An additional clause added that when the proceedings for a particular athletes association with any of these private academies would be in place, said National Observer would recuse himself/herself from providing any insights.
This is definitely not a watertight scenario.
Present mandate to avoid “conflict of interest”
Perhaps this is why, the MYAS’s most recent circular, of which The Bridge has a copy, seems to make sense. In a letter which has since been forwarded to the Director General, Deputy Director General and the Executive Director of the Sports Authority of India, 5 out of the remaining Olympians still serving in the post of National Observer for their respective sports have been asked to step down.
The 5 names are PT Usha (Athletics), Anju Bobby George (Athletics), Abhinav Bindra (Shooting), Karnam Malleshwari (Weightlifting) and Kamlesh Mehta (Table Tennis).
The immediate striking factor in this list is the inclusion of Abhinav Bindra since he has clearly resigned from his post. Since then, Ronak Pandit has been appointed with his nomination bringing with it, its own set of speculation. It must be remembered that Ronak Pandit himself is associated with a Shooting Academy while, at the same time, being married to Olympic shooter Heena Sidhu- a scenario where the possibility of conflict of interest is even higher and which does nothing to solve the reasons Abhinav Bindra resigned for.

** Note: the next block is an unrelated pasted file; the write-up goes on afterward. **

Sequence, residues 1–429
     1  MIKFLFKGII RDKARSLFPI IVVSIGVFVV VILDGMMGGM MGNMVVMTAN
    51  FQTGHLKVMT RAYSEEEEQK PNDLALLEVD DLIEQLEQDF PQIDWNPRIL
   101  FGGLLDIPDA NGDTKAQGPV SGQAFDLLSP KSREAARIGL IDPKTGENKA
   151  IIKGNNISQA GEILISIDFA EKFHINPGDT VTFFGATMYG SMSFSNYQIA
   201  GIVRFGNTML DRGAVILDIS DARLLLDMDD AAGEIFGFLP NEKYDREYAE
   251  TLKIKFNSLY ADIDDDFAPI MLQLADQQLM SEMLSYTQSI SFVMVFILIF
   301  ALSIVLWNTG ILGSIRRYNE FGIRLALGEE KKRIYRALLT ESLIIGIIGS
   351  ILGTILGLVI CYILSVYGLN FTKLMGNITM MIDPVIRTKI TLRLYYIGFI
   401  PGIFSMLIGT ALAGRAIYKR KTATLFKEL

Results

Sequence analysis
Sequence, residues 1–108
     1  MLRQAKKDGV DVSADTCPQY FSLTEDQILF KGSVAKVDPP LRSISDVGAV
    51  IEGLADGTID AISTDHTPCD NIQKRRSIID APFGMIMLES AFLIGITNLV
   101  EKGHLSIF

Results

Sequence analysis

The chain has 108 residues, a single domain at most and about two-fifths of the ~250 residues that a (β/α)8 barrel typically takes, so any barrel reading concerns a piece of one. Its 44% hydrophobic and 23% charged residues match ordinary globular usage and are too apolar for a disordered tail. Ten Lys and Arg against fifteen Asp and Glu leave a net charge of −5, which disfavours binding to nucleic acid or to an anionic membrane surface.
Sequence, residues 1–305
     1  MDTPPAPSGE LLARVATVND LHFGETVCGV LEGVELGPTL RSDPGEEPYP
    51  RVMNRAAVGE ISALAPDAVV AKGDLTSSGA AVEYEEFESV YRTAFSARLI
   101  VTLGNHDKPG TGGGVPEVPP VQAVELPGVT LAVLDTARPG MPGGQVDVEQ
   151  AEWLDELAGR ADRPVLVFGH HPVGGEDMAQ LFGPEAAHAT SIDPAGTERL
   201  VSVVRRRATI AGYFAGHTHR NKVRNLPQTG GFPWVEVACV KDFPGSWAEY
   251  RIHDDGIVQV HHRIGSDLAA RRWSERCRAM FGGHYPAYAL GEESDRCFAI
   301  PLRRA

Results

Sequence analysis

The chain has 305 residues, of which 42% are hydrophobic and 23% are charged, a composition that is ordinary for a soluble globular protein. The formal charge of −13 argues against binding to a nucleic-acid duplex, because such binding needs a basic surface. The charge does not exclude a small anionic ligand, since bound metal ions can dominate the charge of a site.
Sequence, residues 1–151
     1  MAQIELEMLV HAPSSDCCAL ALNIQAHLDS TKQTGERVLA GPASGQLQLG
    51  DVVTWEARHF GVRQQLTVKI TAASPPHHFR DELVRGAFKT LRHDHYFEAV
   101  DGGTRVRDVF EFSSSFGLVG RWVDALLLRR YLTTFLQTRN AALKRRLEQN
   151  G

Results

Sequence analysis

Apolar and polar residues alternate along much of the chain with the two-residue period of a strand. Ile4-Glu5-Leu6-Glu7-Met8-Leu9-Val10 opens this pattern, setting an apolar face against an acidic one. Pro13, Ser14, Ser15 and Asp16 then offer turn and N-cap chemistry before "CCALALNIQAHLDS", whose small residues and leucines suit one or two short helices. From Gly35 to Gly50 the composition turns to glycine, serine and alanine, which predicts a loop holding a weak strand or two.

Upon pondering, the bigger question here still remains as to why the Government did not see the importance of a “conflict-like” situation when it came to appointing these 5 National Observers for their various disciplines in the first place. Why has this issue been brought up now and why aren’t other names like Ronak Pandit included in the list too?
Why isn’t more being done?
There are several other loopholes in the government appointments which need to be addressed as soon as possible, the biggest of them being that the mandate clearly stated that the position should be occupied by athletes who are “non-active sportspersons” and who have retired for active competition for at least 5 years. In light of that, the initial appointment of names like Sushil Kumar and Mary Kom immediately stuck out like a sore thumb.
While both the above names have since resigned, former Commonwealth Games Gold medalist Akhil Kumar still continues in this position.
Scrutinizing the latest circular